Did I Tear My Meniscus, and if I Did, is That Bad?
A meniscal tear is a very common injury. I’ve actually torn my own meniscus, and had it operated on, so I know what it’s like both as a patient and as an orthopedic surgeon. You may be wondering if you have a meniscus tear, and if you do then what you should do about it. Or, you may have been told that you have a meniscus tear and that you need surgery. But, do you really need surgery?
What is the meniscus, and what does it do?
In each knee, you have two menisci, and both are inside your knee joint. One is on the right side of your knee joint, and the other is on the left side of your knee joint. The meniscus is basically a ring of cartilage that acts as a shock absorber for your knee joint. It’s like each of your knees has two shock absorbers in them, and instead of looking like the shocks on your car, they look like a thick version of the letter “C”. In the mid 1900s, doctors used to think that the meniscus didn’t serve any function, so they would remove it in people who had knee pain. However, they found that over time, those people who had their meniscus removed would get early arthritis in that knee. You could imagine what it would do the frame of your car if you removed all of your shocks.
How do I know if I have a meniscus tear?
Usually you will have pain right along the inside or outside of your knee, if your meniscus is torn. This may be associated with clicking or catching in your knee that wasn’t there before. Sometimes, you can also have swelling right after you tear it. The issue is that a lot of things in the knee can present this way, so getting a good examination by an orthopedic doctor is a great way to find out if your meniscus is indeed torn. The most definitive noninvasive way to see if your meniscus is torn, is to get an MRI of your knee joint. An MRI will show the structure of the meniscus and usually a tear can be identified. That being said, you shouldn’t jump to an MRI right away without having definitive physical exam findings. The reason for this is that some people have knee pain, and they have a torn meniscus, but the torn meniscus isn’t causing their knee pain. This then results in confusion, needless treatment, and wasted time.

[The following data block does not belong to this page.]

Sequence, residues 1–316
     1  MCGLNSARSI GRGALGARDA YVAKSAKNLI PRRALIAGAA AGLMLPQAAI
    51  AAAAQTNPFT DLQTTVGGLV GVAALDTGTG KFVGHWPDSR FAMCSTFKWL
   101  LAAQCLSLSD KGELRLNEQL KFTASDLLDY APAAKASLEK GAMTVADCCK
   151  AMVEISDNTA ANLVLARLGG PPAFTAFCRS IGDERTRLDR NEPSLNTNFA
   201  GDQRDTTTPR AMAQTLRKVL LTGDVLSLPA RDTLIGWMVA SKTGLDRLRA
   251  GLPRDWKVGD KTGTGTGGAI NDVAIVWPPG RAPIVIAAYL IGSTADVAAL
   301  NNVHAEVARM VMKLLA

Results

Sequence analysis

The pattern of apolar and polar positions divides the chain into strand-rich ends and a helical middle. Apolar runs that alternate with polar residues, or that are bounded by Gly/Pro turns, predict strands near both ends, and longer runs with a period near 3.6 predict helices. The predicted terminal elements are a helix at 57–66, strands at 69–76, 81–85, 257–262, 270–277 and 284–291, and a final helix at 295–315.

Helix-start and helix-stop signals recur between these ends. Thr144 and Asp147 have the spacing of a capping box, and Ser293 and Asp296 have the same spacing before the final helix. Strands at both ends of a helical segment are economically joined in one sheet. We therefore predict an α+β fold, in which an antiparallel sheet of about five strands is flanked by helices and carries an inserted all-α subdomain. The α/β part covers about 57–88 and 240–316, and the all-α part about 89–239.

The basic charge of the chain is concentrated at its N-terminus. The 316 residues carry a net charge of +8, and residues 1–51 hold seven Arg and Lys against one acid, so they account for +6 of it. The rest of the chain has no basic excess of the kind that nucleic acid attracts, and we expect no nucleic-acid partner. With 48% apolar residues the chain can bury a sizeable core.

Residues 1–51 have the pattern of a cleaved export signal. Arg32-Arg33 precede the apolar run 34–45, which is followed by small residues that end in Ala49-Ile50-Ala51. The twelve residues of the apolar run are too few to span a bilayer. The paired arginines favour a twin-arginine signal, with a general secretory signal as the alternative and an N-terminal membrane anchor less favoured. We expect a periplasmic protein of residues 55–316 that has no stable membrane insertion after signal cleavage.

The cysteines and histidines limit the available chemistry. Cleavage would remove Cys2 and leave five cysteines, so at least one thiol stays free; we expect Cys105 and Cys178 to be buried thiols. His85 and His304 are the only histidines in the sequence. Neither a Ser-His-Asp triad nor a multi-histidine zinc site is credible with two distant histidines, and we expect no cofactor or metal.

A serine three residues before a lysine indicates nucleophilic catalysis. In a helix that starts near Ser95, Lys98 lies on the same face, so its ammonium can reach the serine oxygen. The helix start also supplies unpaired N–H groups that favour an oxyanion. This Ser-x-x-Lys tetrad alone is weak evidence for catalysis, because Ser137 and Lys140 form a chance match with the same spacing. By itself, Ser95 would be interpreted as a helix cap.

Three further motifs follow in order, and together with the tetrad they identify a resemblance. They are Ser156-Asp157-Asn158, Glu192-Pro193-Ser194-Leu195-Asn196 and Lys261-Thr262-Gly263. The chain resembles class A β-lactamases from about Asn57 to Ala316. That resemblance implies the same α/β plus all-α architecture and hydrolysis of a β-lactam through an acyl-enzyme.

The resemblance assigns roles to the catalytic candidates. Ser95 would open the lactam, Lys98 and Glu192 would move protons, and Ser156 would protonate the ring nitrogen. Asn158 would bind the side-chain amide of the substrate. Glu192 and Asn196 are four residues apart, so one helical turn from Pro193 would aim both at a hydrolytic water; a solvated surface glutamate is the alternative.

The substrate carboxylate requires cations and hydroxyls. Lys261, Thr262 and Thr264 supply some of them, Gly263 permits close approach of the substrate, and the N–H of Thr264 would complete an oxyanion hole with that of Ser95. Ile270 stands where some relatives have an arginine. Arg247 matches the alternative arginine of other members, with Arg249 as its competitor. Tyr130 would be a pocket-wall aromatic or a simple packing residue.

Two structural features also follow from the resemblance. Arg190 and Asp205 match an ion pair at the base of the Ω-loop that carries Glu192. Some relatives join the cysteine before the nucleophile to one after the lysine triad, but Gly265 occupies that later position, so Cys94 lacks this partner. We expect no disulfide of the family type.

What should I do if my meniscus is torn?
The answer to that question really depends on how painful it is. Some people have tears of their meniscus (usually in the posterior horn of the medial meniscus), and don’t have any pain. In this case, the best thing to do is just ignore it. If you leave it alone, it won’t make your arthritis worse. Most of the time, meniscus surgery means that they are removing part of the meniscus that is torn, because only a few specific types of tears can actually be repaired. This is because the blood supply to the meniscus just isn’t good enough. If your knee pain is really bothering you, and your doctor confirms on physical exam and on MRI that you do have a meniscus tear, then it might be worth getting surgery. If you are somewhere in between, then you might want to give your knee some time to calm down to see if it gets better on it’s own. Your meniscus tear will still be there, but there is a chance that it might stabilize and not bother you quite as much in the future. Don’t let anyone tell you that you need to have surgery to clean up your meniscus, it is completely elective in almost all cases.
If you have any questions that I didn’t answer, feel free to contact me to learn more about your knee pain and meniscus tear, and what you can do about it.
-Written by Dr. Daniel Paull